A Quick Guide to Where We Left Everyone Before 'Poldark' Season 4 Begins
It's been nearly a year since viewers checked in with Ross Poldark and family. Where do our characters stand heading into Season 4? Let's have a little Snarkin' on Poldark recap and catch-up on events we need to know.
Poldark Season 3 started with birth, death, and marriage, along with Elizabeth wandering around Trenwith muttering "Must hurt self, must hurt self" while desperately trying to engineer an accident plausible enough for a baby to come "early." Said baby, Valentine, is, of course, the son of Ross, not George, a fact either known (by Elizabeth, Ross, & Aunt Agatha), suspected (by Demelza) or in George's case "Why is everyone looking at my first born son funny?" Elizabeth may have covered her inconvenient problems for now. (Chynoweths are apparently a type of alien-human who only need seven months to have a fully baked baby. Gestation, how does it work?) But when she has to miraculously do it again on the next one with George's real firstborn son, nature may protest.
One would have hoped Aunt Agatha would take Elizabeth's secret to her grave, but Agatha doesn't do anything she doesn't want to. The poor biddy was put out of her misery of living with George by episode 7 last season, but not before sticking the worm of doubt in his ear once and for all. Elizabeth doesn't thank you, Agatha! The BBC, on the other hand, has your Supporting Actress BAFTA waiting by the coat check.
Caroline is now a wife, having married Enys in haste so they can repent in leisure later. Then she misplaces Enys in France somewhere and gets all pouty about it because some people don't understand how great it is it be a rich widow back before women had anything approaching equal rights. Enys was not as kind about his gifts from France as Ross was to Demelza. He came home with a rousing case of PTSD, almost two centuries before it officially became a defined medical condition. Not that Caroline let her stylish hats and outfits be crimped by his thoughtlessness. Horace the Pug wouldn't stand for that.
Meanwhile, in Trenwith's House of Pain, Morwenna, who first arrived as Geoffrey Charles' governess also turned out to be flesh for George to trade away. Her hoped for love-affair with Demelza's nicely religious brother Drake Carne was cut short, leaving him to his toads, and her to be forced to play wife to the far more odious Reverend Osborne Whitworth, for the measly sum of £2,000. George would make a terrible car salesman. If you're putting your wife's relatives on the block, the least one can do is get top dollar. By the end of the season though, Morwenna seemed to have gained control of the situation, at least for now. (Widowhood, people. It does a body good.) Her sister, Rowella, is proving a savvier businesswoman than George could ever hope to be. Drake, on the other hand, has been put away for the time being after being beaten half to death by George's people for the crime of existing. I'm sure he'll be back soon though.
Speaking of the Carnes family, Demelza had a year. After watching Elizabeth give birth to Ross' second son, she then gave birth to Ross' second daughter, Clowance. That means Demelza has managed to keep two out of three children she's given birth to alive, which isn't a bad ratio. With Ross in and out of the country all season, Demelza spent most of her days stepping up into a leadership role in the community (despite what some characters might say, she's the natural born leader in the family) partnering up with Caroline into a sort of First Wives Club, with a membership of two. (Sorry, Elizabeth.) But Ross has always brought his wife back a little something from his travels, whether it be hair ribbons or a hat or fabric. This year he brought her Hugh Armitage back from France, whom she sleeps with by season's end. Level up!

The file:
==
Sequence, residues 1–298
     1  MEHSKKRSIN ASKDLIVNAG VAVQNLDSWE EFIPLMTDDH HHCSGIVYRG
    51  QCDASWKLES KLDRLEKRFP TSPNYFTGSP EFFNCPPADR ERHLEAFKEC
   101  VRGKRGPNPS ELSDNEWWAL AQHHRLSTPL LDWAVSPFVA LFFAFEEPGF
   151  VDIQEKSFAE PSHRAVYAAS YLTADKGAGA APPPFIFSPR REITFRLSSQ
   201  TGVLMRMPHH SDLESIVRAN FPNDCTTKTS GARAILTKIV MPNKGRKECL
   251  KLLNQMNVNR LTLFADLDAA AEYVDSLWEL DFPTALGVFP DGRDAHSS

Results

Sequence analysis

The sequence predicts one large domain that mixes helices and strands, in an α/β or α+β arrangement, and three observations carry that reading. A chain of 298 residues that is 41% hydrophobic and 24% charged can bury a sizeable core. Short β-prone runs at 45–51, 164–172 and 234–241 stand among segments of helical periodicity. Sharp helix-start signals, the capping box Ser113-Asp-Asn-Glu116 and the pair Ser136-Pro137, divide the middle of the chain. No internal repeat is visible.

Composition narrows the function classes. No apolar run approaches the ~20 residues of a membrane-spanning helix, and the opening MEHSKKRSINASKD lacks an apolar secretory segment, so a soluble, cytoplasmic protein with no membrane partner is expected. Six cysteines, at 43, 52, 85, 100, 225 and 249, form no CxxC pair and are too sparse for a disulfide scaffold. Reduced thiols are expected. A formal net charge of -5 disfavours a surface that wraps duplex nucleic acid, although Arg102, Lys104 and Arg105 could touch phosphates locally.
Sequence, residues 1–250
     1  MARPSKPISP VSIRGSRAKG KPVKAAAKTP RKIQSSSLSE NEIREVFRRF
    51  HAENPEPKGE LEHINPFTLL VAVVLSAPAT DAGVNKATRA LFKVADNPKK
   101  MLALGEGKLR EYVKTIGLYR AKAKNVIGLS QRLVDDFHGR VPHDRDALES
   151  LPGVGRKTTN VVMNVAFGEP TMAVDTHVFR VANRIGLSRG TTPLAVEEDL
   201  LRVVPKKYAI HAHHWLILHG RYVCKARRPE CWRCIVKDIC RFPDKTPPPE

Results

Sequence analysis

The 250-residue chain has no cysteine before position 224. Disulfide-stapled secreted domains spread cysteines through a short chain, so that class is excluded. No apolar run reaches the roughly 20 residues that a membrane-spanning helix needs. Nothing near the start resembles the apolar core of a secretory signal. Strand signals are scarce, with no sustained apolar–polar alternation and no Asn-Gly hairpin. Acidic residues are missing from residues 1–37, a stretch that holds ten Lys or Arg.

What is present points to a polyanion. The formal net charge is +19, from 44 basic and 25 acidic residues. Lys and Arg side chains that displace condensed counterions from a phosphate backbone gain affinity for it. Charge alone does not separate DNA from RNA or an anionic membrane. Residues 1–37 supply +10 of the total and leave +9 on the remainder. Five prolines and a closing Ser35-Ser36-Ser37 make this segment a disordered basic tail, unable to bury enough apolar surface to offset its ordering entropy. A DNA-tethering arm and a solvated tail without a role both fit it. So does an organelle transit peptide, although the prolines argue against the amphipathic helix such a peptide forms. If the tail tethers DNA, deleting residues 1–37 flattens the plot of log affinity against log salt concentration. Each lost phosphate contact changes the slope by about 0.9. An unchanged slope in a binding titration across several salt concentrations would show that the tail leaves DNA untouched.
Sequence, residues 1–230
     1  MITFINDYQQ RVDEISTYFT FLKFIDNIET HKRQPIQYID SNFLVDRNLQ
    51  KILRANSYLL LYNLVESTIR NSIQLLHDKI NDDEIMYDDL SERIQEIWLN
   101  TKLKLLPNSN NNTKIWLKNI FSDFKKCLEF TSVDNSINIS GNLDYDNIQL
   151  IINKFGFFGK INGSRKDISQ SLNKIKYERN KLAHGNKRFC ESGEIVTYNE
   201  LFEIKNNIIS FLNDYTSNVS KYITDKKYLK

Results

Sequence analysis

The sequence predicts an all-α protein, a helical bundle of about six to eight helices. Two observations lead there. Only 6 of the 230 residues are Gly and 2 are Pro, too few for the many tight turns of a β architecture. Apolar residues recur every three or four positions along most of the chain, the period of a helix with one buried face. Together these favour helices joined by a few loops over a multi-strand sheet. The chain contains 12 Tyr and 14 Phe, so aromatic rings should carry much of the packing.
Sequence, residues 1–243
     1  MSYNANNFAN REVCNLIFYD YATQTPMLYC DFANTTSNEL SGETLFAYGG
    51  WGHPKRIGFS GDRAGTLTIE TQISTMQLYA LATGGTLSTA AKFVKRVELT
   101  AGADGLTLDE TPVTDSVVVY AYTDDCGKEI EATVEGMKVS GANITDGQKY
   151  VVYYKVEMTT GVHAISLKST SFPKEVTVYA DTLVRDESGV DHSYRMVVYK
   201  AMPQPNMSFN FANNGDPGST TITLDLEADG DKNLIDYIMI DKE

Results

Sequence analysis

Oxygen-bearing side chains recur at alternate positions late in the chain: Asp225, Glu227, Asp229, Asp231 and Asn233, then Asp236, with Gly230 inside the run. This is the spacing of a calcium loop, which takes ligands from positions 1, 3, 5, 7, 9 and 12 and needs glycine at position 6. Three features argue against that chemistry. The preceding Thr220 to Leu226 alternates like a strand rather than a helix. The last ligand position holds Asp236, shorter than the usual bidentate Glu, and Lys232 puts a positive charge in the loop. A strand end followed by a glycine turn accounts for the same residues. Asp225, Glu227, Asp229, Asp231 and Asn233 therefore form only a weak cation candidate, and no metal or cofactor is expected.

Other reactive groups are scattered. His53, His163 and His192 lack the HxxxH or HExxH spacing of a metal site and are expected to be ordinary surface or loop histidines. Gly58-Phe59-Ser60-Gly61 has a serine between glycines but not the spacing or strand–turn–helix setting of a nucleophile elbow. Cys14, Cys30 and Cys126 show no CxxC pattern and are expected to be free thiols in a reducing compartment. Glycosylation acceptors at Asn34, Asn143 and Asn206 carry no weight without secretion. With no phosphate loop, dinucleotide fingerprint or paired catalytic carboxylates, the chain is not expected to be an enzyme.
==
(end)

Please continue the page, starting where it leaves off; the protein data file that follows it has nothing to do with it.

Then, of course, there's Ross. As mentioned, he spent a lot of this season using his frequent boater miles back and forth to France because they're having a revolution and we're not. But Ross has a problem, and it's not just that he has an extra son and HR would start garnishing his checks if they knew. It's one thing, in the eyes of the peerage, for the scion of the noble house of Poldark to play at being a rabble-rouser when he returns from America, advocating for "Peasants Rights," "Miners Unions Forever," "Vote Bernie," or whatever else. It's quite another to be doing it when the country next door reminds you that the next steps in this revolution workflow include rolling the heads of government across market square and having the streets run with blood. Ross needs to grow out of this phase, as far as everyone is concerned. He spends all season with his fingers in his ears going "LaLaLa I don'wanna be a magistrate" and "LaLaLa I don'wanna be an MP." But when the French revolution sends a calling card to Cornwall, suddenly it's all "well, triangulation and the third way is really the only way for the Democratic party to make gains in the Senate." Or at least the 1790s version of that sentiment.
Our Season 3 finale, therefore, leaves Ross having capitulated into taking his rightful place in Parliament and ready to take on London society, something Demelza is going to be less than thrilled about. But hey, shes got a marriage to work on, and for once they'll be somewhere Elizabeth isn't. Does it get any better than that? I put forth it does not.
Poldark Season 4 begins thisSunday, Sept. 30, 2018, at 9 p.m. on Masterpiece. Check your local PBS listings.